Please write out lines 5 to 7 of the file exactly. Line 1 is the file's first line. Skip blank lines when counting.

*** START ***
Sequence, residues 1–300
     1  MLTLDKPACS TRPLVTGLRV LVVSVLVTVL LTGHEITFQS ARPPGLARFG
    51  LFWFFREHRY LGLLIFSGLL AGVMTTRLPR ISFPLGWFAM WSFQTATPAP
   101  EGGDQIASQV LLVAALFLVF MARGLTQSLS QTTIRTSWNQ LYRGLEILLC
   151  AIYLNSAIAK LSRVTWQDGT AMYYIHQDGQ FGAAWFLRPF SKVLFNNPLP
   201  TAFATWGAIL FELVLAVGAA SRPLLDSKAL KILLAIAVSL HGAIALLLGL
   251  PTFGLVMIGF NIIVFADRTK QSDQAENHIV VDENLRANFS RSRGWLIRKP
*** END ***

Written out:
   151  AIYLNSAIAK LSRVTWQDGT AMYYIHQDGQ FGAAWFLRPF SKVLFNNPLP
   201  TAFATWGAIL FELVLAVGAA SRPLLDSKAL KILLAIAVSL HGAIALLLGL
   251  PTFGLVMIGF NIIVFADRTK QSDQAENHIV VDENLRANFS RSRGWLIRKP